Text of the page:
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General Health

Euthanasia

In some circumstances your vet may suggest that you should consider having your pet 'put to sleep' (euthanased) such as if your pet has a terminal illness from which it cannot recover or if it has incurable pain. This will enable your pet to die in peace, with dignity and without further suffering. It can be a very hard decision to make, but it is one of the kindest things  an owner can do for a suffering pet.

What happens when a pet is 'put to sleep'?

The vet will often give your pet a sedative first, so there will be less stress and a calm environment is created. When it's feeling a bit sleepy, the nurse will often be called in to assist the vet. A lethal injection will be given in the vein of the front leg. In some pets this vein is not easily accessible and the injection might need to be given in the kidney or heart. Loss of consciousness and death will happen very quickly. This is a very controlled and painless method of euthanasia. Your pet's eyes will remain open afterwards.

Is it usual for the owner to stay with their pet when it is 'put to sleep'?

It is best to do what you feel comfortable with. It is possible to stay during the whole procedure or only a part of it. Some people like to stay until sedation has set in, so their last memory can be of their pet while it was alive. Others might not want to be present at all or only after the procedure has finished.

The decision whether to stay or not is a very personal one, which should preferably be made in advance to avoid further distress.

Can I have my pet 'put to sleep' at home or is it better to take him to the surgery?

It is possible for the vet and a nurse to come to your house. This involves a bit more planning, since there will be a period of time they will be away from the clinic. If there are difficulties arranging an appropriate time, then it is usually also possible to book an appointment at a quiet time in the clinic to avoid undue stress to both pet and owner.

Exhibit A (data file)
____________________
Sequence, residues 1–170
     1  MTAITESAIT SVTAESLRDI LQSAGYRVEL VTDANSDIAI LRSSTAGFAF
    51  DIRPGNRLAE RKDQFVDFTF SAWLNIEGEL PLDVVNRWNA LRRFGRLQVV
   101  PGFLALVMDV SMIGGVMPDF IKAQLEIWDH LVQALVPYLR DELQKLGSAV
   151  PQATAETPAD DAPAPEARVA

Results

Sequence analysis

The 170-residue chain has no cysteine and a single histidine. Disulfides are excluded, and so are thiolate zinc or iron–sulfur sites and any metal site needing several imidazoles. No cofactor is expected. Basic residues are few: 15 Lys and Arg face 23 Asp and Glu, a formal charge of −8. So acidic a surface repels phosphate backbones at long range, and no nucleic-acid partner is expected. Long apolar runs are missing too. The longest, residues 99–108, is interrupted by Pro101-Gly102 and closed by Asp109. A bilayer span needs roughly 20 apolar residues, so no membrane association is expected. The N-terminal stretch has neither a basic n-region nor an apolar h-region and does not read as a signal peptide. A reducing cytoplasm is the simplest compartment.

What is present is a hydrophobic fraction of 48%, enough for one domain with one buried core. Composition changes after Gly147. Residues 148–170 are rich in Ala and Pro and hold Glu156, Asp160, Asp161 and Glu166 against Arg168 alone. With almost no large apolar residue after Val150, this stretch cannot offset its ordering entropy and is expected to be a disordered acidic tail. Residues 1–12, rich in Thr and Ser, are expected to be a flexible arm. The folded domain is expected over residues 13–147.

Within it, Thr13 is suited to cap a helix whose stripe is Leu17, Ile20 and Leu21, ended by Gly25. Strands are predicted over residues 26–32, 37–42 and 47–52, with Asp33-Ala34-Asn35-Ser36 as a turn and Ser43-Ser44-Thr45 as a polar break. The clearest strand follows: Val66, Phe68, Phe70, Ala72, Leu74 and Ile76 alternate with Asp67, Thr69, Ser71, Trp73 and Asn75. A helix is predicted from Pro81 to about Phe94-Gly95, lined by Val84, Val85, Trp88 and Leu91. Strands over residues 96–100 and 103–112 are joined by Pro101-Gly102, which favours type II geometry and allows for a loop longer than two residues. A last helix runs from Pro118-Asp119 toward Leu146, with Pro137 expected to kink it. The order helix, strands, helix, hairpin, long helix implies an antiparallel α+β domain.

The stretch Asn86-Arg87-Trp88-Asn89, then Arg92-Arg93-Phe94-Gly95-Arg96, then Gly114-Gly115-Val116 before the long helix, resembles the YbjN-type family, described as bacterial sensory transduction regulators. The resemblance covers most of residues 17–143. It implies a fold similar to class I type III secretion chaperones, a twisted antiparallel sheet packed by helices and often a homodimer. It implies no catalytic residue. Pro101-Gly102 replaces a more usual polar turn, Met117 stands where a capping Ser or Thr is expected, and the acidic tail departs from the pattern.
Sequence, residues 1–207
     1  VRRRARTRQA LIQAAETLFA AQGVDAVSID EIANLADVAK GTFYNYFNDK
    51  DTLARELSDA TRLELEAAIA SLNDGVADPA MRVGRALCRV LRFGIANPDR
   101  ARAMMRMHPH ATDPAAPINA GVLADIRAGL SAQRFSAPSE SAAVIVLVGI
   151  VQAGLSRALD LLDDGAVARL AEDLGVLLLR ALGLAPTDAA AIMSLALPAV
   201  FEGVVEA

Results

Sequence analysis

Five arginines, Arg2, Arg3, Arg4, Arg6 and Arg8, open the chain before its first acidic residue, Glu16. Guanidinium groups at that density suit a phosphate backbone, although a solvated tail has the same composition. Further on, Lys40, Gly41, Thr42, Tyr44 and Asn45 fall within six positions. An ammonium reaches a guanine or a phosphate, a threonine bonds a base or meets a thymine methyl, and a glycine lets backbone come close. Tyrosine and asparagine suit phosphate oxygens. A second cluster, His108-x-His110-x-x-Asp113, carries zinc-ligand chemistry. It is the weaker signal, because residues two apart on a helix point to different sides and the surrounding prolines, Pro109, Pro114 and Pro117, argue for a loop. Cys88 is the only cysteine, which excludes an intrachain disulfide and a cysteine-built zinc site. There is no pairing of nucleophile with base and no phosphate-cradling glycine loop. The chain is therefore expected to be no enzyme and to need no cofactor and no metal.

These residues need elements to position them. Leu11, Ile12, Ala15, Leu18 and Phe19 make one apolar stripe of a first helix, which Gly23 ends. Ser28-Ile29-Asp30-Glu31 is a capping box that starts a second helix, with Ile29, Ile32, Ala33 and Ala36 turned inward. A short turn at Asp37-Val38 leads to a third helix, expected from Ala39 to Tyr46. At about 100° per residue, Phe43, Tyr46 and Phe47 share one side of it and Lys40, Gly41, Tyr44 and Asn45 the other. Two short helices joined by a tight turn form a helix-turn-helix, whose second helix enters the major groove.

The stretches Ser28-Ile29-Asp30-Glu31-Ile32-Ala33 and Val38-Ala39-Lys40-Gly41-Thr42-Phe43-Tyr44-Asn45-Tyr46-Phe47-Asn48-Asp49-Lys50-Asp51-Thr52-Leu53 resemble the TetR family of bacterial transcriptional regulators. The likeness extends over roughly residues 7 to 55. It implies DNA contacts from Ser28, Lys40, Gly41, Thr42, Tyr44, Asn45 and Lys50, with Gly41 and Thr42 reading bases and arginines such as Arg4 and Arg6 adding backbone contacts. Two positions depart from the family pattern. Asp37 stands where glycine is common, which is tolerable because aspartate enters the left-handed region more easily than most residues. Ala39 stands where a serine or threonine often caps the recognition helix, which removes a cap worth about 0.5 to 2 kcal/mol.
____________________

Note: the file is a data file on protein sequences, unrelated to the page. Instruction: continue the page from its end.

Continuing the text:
What can I do with my pet's remains?

  • home burial
  • cremation
  • Individual cremation with return of the pet's ashes. This can be arranged via the clinic.

Grieving for your pet

It is very natural to feel upset and emotional when your pet dies. Don't be afraid to show your feelings in front of your vet, he/she will understand. Feel free to ask all the questions you like and take your time to say goodbye.

It'll take time to get over your loss and it often helps to talk about it.Counselling is also available. It's quite normal to feel angry, this is part of the process of coming to terms with your loss. Try not to feel guilty or blame yourself for your pet's death. Try to focus on remembering the good times and what you loved most about your pet.

Helping children to cope

The death of a pet is often a child's first experience of death. Tell them the truth and encourage them to talk about their feelings and let them know how you feel yourself. Help them understand that they are not to blame and talk to them about the good times you have had with your pet.


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